Full string power with CFStringTransform

Powerful languages have great string manipulation capabilities, today we’ll have a look at what Objective-C offers.

CFStringTransform is part of the Core Foundation framework, it will let you manipulate strings of both NSString and CFString type.

So, in Objective-C we have
Boolean CFStringTransform ( CFMutableStringRef string, CFRange *range, CFStringRef transform, Boolean reverse );
(and in Swift)
func CFStringTransform(_ string: CFMutableString!, _ range: UnsafeMutablePointer<CFRange>, _ transform: CFString!, _ reverse: Boolean) -> Boolean

the arguments it requires are really straightforward: a string, a range in which to apply the transformation, the transformation itself and a boolean to specify whether or not use the inverse transformation.

The transformations are very powerful and range from classic Uppercase, Lowercase, Titlecase, Full/Halfwidth conversions to handling Unicode characters. We will look to a couple of examples, but for the whole list of available transformations, please check the official list

Give a name to Unicode Characters

Sometimes you need to normalize Unicode input to ascii, and since modern devices now support emoji, you can now transliterate emoji characters:
so this string: 🐝🌵💀👽

in swift we just have to do:
var str = NSMutableString(string: "🐝🌵💀👽")
CFStringTransform(str, nil, kCFStringTransformToUnicodeName, Boolean(0))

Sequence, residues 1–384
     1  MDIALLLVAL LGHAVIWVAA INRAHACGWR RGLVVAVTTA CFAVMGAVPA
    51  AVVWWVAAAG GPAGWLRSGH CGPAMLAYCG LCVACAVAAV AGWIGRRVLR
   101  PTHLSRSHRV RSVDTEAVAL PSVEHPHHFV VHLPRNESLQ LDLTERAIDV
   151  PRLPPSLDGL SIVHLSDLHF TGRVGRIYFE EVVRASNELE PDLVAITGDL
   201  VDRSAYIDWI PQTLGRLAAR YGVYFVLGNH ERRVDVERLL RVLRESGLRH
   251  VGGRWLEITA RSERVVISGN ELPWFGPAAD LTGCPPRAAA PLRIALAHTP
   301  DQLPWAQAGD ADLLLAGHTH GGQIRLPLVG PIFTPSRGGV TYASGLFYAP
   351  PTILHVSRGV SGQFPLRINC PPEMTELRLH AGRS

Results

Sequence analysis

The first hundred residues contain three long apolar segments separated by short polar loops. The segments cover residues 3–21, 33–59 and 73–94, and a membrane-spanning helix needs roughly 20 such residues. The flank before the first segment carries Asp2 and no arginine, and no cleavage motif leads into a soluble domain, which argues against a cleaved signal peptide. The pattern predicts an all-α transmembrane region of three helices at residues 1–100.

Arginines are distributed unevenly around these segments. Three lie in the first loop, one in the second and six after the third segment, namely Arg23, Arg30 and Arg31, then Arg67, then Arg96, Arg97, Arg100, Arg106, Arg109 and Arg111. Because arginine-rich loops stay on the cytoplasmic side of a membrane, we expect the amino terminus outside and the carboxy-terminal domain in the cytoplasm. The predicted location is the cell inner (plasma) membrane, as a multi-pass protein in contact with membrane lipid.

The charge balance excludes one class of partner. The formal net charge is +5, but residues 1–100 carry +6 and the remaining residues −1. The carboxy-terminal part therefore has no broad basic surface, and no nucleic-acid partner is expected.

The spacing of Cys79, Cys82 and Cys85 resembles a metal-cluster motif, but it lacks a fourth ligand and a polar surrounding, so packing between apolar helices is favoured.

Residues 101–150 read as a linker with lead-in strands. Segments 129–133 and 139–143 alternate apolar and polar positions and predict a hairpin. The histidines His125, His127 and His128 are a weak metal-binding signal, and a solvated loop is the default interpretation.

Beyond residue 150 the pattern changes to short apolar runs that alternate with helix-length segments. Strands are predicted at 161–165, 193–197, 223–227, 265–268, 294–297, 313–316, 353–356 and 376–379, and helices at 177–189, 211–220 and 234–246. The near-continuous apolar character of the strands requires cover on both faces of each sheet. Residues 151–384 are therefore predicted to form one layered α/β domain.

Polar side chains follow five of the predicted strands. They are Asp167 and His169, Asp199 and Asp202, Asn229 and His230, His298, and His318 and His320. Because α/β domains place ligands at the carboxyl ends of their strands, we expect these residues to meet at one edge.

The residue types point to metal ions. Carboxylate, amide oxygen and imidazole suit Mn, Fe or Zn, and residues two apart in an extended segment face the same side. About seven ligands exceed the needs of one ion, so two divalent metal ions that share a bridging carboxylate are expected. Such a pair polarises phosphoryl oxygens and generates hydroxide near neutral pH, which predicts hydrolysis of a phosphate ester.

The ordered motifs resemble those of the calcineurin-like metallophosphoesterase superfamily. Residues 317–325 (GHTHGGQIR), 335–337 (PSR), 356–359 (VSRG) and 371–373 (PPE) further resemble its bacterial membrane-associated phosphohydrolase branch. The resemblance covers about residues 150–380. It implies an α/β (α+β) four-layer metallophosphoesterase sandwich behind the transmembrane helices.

Transliterate non latin characters

From emoji to pictograms the step is easy, so we can also transliterate japanese hiragana or chinese characters to their phonetic equivalent:

var japaneseTroublesome = NSMutableString(string: "めんどくさい")
CFStringTransform(japaneseTroublesome, nil, kCFStringTransformLatinHiragana, Boolean(1))

var chineseHello = NSMutableString(string: "你好")
CFStringTransform(chineseHello, nil, kCFStringTransformMandarinLatin, Boolean(0))

for the japanese transformation note we had to use the inverse transformation since the available one is from Latin to Hiragana.

We used swift to show a couple of examples so you can easily play with it in a playground in XCode.

iOS/OS X network testing with XCTest

I recently worked on a OS X app which had to keep in sync with a database running on a remote server, to interact with a hardware device via serial port and to allow the user to edit said database with information coming from the hardware device. Since reinventing the wheel is never a good idea, I decided to use various frameworks for those tasks: ORSSerialPort to handle the serial communication, AFNetworking for the networking, Apple’s own Core Data for the local database and XCTest together with OHHTTPStubs for the testing. The networking part was by far the easiest to develop but also the hardest to test, due to its asynchronicity.

This is basically how XCTest works: you create subclasses of XCTestCase, and then define instance methods with their name starting with “test”. Inside these methods you can check for whatever condition you need to test. Here’s a very simple example:

- (void)testReverseString{ 

    NSString *originalString = @"test";
    NSString *reversedString = [self.controllerToTest reverseString:originalString];
    NSString *expectedReversedString = @"tset";

    XCTAssertEqualObjects(expectedReversedString, reversedString);

XCTAssert allows to easily compare variables and to let tests fail/succeed based on the result, but it is not enough when it comes to testing the networking code. For example, I needed to test a GET request that fetched the user database from the remote server and tried to do so this way: